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Aleksa Djorovic

Senior Scientific Editor

About Aleksa

Aleksa has always been curious about how the world works, and this curiosity led him to a background both in Chemistry and Physics. Constantly balancing on the boundary between the two, he has seen that even similar scientific fields use starkly different language and thus the importance of correct and accurate communication for efficient science. Working towards a PhD in Biophotonics, understanding how light interacts with biological systems, he aims to inspire people about science and help bring science and society closer together with his love for the mysteries and wonders of nature.

Aleksa is the editor of 5 Breaks:

The Discovery Of An Unusual Repeating Radio Transient

We have discovered a new kind of repeating radio source using a sensitive low-frequency radio telescope in outback Western Australia. Its unusual properties indicate it could be a kind of never-before-detected object: an ultra-long-period magnetar.

Aug 22, 2022 | 3 min read
Magic Squares: A children’s puzzle meets quantum physics

A magic square is a grid of numbers where every column and row sum up to the same number. We explain the “quantum jump” for magic squares, generalizing them to the mathematical framework of quantum physics to interpret quantum measurement. We investigate the properties of these newly established quantum magic squares and find that the quantum world is even more magic than we thought before!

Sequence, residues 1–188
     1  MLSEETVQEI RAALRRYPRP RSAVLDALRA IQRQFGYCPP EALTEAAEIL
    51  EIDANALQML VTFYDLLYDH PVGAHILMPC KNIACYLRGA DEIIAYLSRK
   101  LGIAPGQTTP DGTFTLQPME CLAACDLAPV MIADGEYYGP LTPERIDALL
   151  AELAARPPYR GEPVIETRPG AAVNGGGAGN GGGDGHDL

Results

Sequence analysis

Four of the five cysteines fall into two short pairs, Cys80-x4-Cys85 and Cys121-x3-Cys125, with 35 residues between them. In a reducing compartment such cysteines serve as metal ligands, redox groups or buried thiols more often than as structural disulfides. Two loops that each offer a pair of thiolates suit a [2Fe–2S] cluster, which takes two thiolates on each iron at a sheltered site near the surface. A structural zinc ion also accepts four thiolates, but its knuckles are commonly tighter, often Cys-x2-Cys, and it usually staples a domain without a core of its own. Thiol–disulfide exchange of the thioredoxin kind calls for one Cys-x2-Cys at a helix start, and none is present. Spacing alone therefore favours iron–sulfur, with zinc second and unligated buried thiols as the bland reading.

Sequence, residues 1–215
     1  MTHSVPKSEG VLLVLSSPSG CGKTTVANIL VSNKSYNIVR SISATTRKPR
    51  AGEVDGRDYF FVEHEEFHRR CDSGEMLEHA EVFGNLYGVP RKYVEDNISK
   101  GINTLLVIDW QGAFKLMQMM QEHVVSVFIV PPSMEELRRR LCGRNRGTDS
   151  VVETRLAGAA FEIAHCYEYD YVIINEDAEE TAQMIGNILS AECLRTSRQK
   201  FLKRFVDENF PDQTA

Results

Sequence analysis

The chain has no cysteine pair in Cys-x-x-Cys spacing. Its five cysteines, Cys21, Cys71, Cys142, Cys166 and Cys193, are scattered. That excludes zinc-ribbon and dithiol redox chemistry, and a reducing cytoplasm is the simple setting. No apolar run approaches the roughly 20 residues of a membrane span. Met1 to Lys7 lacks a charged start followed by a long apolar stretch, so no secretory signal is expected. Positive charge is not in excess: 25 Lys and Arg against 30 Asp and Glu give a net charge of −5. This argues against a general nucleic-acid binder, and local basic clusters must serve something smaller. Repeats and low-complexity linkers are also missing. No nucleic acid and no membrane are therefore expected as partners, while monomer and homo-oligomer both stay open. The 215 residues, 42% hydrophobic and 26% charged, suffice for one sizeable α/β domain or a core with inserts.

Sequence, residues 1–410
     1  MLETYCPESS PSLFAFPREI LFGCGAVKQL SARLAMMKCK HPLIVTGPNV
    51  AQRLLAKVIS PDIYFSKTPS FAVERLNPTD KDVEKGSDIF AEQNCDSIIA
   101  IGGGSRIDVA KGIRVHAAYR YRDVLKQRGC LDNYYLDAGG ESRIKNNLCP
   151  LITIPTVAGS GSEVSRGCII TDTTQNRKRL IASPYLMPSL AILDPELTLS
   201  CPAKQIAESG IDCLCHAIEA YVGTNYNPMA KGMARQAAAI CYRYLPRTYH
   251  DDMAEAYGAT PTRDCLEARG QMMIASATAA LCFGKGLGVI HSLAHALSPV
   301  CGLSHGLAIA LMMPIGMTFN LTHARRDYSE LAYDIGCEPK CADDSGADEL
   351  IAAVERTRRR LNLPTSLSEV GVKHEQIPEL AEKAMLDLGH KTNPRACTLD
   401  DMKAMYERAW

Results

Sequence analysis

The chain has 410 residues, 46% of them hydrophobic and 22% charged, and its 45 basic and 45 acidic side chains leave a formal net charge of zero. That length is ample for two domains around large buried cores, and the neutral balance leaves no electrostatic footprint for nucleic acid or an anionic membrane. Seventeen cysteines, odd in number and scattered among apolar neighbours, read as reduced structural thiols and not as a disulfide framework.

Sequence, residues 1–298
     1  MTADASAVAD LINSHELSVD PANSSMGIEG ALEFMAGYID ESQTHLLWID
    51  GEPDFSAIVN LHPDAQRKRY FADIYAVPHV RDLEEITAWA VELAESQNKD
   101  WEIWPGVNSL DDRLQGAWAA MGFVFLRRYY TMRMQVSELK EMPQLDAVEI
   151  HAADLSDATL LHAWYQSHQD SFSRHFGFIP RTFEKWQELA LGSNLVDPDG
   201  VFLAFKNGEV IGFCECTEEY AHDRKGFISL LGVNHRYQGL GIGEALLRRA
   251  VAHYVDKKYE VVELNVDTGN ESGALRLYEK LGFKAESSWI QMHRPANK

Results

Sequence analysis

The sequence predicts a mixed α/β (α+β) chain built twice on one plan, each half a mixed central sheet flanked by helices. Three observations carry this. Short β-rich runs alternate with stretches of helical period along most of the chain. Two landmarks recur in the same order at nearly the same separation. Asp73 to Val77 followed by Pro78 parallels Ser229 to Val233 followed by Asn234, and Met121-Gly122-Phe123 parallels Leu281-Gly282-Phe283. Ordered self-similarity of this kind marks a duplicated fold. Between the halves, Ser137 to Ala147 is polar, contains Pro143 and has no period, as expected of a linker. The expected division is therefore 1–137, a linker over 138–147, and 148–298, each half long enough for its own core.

May 9, 2022 | 3.5 min read
E-skin: the future of sustainable & recyclable wearable electronics

An electronic “skin” can find applications in health care, robotics, and prosthetics, and can benefit the well-being, economy, and sustainability of our society. A sustainable futuristic electronic skin with superior stretching, self-healing, recycling, and reconfiguration capabilities has been developed by combining scientific advances in materials, electronics, mechanics and chemistry.

Apr 6, 2022 | 4 min read
Desertification danger: the aridification of humid regions

Several periods in the Earth's history were warmer than today and provide insight into future impacts of global warming. Climate and atmospheric changes can reactivate the continental dunes presently stabilised by vegetation. They are most likely to be reactivated in today's humid regions, threatening desertification within the densely-populated temperate zones of the northern hemisphere.

Mar 16, 2022 | 3 min read
Bee aware! Signs of a global decline in wild bee diversity

There is more to bees than honey: wild bees ensure efficient pollination of most flowering plants and food crops. Yet a recent study counting the number of species recorded worldwide every year suggests a bleak picture, finding a steep reduction in recent years. Although changes in how we record bees could overstate these results, such strong decline in bee diversity should trigger some alarms.

Oct 14, 2021 | 3.5 min read